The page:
October 13, 1979
Doris Lessing takes risks, but does not play games. One does not turn to her books for humor or wit or playfulness, nor will one find in them any game playing in the sense of one-upping, faking, posturing. In her introductory remarks to Shikasta she states with characteristic straightforwardness what she sees as the modern novelist's debt to science fiction.
German director Thomas Ostermeier offers one of the most thorough indictments yet seen of the culture of the American whistleblower.
It actually changed the culture
It's never won a National Magazine Award, but who cares? It actually changed our culture.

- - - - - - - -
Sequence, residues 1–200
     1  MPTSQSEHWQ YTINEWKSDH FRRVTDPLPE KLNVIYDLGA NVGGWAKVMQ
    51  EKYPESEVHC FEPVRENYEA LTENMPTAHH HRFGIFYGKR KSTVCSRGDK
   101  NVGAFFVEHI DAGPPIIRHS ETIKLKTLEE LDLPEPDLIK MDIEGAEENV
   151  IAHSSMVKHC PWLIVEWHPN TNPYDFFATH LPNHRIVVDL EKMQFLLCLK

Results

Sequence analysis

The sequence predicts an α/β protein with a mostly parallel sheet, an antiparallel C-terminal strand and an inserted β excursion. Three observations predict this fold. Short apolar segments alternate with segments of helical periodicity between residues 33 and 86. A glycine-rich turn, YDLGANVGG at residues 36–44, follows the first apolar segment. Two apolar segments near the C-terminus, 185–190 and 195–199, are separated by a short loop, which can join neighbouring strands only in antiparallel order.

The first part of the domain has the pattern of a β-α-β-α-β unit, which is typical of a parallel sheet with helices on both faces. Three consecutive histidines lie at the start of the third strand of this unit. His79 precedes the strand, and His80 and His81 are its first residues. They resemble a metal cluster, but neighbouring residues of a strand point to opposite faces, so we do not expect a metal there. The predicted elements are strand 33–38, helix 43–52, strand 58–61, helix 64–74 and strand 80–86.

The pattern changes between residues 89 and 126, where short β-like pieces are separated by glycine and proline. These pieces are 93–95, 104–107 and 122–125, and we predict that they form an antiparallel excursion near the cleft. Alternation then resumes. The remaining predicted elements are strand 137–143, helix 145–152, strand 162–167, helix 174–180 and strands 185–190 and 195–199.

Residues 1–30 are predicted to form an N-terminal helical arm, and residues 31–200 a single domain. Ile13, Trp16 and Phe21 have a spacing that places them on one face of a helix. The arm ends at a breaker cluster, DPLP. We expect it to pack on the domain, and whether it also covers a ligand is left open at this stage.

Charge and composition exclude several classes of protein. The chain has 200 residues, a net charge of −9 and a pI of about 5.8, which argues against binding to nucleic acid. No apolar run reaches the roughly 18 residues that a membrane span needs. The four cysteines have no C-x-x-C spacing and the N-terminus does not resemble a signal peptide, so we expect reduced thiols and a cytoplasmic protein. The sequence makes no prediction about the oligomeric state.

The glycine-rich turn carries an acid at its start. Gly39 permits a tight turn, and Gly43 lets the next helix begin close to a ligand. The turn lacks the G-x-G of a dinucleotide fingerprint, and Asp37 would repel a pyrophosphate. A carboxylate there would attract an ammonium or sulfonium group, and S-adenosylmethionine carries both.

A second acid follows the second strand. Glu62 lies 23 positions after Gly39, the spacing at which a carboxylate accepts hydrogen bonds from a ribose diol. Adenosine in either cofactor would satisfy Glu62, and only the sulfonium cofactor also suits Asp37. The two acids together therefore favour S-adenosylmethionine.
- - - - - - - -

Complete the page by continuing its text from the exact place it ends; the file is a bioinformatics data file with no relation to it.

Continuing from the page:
A grim report on concussed athletes falling for pricey alternative medicine. Has football's brain injury crisis entered its snake-oil phase?
A story in the current issue of The New Republic focuses on the controversial doctors who have embraced an alternative-medicine approach to the treatment of football brain injuries. And no ex-player is as associated with the trend as former Cleveland Brown Bernie Kosar, who claimed that a Florida doctor's holistic techniques had cured him of chronic traumatic encephalopathy—claims the mainstream medical community rejects.
The history of philosophical religion
All religions have one thing in common: philosophy.
What happened at Manhattan's Zen Studies Society?
He already has a show: the daily news.
Of Air Force One?
The D.C. political paper produces a magazine. Critics pounce.
Seeking laughs with a surprisingly conservative sitcom